NIHC delivers specific recommendations for FDA to regulate CBD
WASHINGTON — The National Industrial Hemp Council has filed comments with the Food And Drug Administration to help direct their work on establishing a policy of enforcement discretion on CBD products.
The comments were filed after the NIHC participated in a listening session with the FDA’s CBD Working Group on July 27 in which members of NIHC’s Consumer Protection Task Force emphasized the importance of establishing basic safety standards to protect consumers in this nascent industry and committed to follow up in writing with detailed policy recommendations. Later that week, the NIHC met with the White House Office of Management and Budget as part what is expected to be the forthcoming regulatory process.
“NIHC members support safety standards for our industry. We are well aware of the reports of inconsistent products that do not contain the ingredients listed on the label, those that feature unsubstantiated health claims, or which contain excessive THC levels or other contaminants,” NIHC board member Patrick Atagi wrote to the FDA in a letter filing the comments. “Our mission is to help advance the hemp industry through safe, reliably manufactured products that consumers can rely on and we’re glad to partner with FDA to bring this to fruition.”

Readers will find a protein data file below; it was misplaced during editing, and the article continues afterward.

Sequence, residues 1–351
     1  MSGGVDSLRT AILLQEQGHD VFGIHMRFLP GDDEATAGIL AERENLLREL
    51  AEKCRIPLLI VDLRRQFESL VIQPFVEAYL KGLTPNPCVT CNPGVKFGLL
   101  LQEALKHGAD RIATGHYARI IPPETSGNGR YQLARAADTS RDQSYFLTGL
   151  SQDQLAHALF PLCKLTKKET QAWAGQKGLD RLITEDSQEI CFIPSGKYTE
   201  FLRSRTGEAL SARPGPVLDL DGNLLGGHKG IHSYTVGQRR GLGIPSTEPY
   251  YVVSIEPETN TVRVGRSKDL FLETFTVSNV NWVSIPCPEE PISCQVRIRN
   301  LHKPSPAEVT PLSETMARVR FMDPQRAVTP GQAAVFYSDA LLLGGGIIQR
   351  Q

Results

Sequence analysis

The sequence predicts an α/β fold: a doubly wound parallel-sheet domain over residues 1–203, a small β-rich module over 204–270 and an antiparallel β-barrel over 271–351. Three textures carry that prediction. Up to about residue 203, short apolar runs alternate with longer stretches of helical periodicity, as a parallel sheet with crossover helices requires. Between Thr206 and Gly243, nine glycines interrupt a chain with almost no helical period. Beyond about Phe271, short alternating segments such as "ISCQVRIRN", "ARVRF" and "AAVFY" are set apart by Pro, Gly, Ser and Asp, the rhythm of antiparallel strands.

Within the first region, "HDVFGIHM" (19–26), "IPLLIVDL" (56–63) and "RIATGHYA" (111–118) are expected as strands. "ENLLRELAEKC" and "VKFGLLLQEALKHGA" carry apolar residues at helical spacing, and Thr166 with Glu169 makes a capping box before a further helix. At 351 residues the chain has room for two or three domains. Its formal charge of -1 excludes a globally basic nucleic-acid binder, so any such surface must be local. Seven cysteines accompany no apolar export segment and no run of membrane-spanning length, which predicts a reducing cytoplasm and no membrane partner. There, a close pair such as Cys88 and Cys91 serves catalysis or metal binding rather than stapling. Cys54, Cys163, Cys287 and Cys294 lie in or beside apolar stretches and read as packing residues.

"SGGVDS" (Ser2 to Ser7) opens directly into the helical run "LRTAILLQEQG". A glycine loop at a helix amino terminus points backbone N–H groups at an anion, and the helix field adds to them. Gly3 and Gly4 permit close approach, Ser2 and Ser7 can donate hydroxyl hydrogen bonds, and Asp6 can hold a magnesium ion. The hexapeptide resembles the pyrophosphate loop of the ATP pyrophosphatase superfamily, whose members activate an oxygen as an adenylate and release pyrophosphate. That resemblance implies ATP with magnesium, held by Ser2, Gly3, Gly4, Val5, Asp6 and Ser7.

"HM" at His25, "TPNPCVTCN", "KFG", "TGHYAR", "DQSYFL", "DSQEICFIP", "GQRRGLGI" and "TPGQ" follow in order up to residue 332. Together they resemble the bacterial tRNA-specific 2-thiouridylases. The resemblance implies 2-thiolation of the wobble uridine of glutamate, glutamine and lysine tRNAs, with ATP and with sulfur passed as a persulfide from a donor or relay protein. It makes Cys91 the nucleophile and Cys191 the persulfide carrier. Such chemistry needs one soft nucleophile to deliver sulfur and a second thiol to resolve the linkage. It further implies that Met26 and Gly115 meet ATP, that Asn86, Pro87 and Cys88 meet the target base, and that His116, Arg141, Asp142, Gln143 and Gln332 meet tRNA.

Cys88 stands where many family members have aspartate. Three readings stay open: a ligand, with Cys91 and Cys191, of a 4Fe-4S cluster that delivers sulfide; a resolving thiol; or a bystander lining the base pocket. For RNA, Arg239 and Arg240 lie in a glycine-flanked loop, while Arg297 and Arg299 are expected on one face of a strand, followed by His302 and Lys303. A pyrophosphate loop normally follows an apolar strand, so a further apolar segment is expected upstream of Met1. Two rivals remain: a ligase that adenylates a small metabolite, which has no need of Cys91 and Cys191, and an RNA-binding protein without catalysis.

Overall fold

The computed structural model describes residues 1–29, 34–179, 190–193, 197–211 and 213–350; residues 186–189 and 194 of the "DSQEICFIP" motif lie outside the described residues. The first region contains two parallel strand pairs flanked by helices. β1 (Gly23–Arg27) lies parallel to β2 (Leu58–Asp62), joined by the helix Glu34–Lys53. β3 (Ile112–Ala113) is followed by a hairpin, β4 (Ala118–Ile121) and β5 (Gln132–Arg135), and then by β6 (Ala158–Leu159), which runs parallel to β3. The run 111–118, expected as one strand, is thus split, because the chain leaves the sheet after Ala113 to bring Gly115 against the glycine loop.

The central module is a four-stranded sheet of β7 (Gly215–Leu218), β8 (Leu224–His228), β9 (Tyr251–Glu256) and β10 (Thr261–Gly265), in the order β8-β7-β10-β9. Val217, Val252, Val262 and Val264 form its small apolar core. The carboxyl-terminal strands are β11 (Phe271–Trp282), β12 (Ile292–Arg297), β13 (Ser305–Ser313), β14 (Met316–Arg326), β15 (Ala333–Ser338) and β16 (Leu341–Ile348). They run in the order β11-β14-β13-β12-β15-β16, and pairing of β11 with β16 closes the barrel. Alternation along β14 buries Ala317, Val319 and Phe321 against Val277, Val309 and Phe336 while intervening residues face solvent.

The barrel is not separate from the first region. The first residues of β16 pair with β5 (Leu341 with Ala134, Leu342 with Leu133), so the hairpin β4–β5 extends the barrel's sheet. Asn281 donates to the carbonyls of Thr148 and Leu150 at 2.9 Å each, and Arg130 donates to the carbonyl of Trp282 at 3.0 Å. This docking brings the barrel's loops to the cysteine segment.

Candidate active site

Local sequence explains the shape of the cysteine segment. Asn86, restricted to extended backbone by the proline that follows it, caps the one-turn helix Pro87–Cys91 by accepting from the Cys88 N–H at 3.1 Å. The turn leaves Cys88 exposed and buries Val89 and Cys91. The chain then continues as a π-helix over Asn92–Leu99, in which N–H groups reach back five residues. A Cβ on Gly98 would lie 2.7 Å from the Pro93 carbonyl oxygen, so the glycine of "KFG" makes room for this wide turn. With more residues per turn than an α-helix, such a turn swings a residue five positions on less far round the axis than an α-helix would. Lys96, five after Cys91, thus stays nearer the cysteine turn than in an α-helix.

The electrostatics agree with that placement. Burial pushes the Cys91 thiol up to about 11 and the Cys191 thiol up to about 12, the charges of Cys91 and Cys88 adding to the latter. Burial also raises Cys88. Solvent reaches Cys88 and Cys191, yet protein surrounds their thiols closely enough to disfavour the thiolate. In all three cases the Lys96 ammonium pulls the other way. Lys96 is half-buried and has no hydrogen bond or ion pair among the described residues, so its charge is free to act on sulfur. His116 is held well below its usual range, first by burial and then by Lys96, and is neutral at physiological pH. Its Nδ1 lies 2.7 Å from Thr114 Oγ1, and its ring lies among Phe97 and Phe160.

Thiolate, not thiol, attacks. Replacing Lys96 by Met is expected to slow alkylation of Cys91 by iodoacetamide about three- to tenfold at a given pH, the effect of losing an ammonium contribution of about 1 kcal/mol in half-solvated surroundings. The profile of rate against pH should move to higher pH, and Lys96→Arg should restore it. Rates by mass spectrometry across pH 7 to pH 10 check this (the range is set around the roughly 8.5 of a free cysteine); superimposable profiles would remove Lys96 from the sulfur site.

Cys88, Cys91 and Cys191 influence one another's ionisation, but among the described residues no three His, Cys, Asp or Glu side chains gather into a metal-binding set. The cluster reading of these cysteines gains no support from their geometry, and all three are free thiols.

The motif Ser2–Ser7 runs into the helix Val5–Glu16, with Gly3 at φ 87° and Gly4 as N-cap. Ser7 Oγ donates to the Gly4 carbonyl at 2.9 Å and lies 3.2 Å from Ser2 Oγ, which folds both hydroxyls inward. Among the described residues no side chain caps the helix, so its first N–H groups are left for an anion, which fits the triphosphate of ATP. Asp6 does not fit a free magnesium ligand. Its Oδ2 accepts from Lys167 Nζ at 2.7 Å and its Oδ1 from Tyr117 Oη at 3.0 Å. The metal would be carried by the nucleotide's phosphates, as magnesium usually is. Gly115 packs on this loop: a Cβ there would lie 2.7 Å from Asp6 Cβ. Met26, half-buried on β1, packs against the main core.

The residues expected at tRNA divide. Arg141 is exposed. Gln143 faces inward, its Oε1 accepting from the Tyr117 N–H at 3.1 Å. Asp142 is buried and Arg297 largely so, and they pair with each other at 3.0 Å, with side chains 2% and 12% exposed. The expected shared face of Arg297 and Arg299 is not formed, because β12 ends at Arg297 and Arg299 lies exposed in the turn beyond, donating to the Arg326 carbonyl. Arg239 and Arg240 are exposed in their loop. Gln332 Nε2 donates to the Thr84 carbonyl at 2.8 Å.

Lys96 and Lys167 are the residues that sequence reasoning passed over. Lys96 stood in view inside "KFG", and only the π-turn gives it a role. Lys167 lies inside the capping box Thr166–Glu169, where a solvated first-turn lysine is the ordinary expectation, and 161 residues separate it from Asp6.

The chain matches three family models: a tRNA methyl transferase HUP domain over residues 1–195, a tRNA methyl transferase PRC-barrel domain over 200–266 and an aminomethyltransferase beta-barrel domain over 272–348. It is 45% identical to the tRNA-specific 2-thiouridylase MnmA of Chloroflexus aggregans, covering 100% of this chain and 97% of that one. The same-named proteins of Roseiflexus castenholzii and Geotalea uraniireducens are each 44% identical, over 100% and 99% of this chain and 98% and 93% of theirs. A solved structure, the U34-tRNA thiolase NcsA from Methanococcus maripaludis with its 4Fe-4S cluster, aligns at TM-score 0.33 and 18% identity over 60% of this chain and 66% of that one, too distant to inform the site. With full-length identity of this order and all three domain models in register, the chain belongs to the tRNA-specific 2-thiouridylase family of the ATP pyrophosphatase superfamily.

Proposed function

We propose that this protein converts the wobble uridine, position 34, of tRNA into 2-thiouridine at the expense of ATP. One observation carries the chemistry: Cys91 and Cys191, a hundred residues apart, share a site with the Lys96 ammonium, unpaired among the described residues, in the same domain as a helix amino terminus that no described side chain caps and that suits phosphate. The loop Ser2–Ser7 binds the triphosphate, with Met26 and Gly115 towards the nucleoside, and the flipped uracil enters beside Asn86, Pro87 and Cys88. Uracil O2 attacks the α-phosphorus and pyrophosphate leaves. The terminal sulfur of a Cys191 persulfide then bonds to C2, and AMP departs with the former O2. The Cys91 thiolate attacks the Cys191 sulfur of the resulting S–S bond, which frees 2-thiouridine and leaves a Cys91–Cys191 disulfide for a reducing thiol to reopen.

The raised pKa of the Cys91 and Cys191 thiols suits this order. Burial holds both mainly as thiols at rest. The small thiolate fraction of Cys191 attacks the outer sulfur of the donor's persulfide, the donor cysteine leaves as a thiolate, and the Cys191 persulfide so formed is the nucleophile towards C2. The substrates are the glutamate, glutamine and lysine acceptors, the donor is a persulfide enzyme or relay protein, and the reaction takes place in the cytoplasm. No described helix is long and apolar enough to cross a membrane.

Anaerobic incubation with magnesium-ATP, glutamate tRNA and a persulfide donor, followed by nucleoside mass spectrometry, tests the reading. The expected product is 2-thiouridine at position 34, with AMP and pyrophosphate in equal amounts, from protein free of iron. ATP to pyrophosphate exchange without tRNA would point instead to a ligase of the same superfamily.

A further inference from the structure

The comments submitted by the NIHC are focused on five key regulatory points:
Existing studies support safety of human consumption of CBD in dosing appropriate for dietary supplements and conventional foods.
FDA should continue to allow marketing and sale of CBD cosmetics while it investigates CBD consumption’s systemic impact on humans.
Clarity regarding standardized testing requirements and laboratory practices
Standardized national manufacturing and labeling requirements for product transparency
Definitions for key terms, e.g., “broad spectrum,” “hemp extract,” etc
“We believe that including these points in a policy of enforcement discretion would provide clear guidance for industry regarding FDA’s expectations for manufacturing and labeling CBD products,” Atagi concluded. “We thank FDA and, in particular, the CBD Working Group for its hard work and we look forward to working together in the future.”
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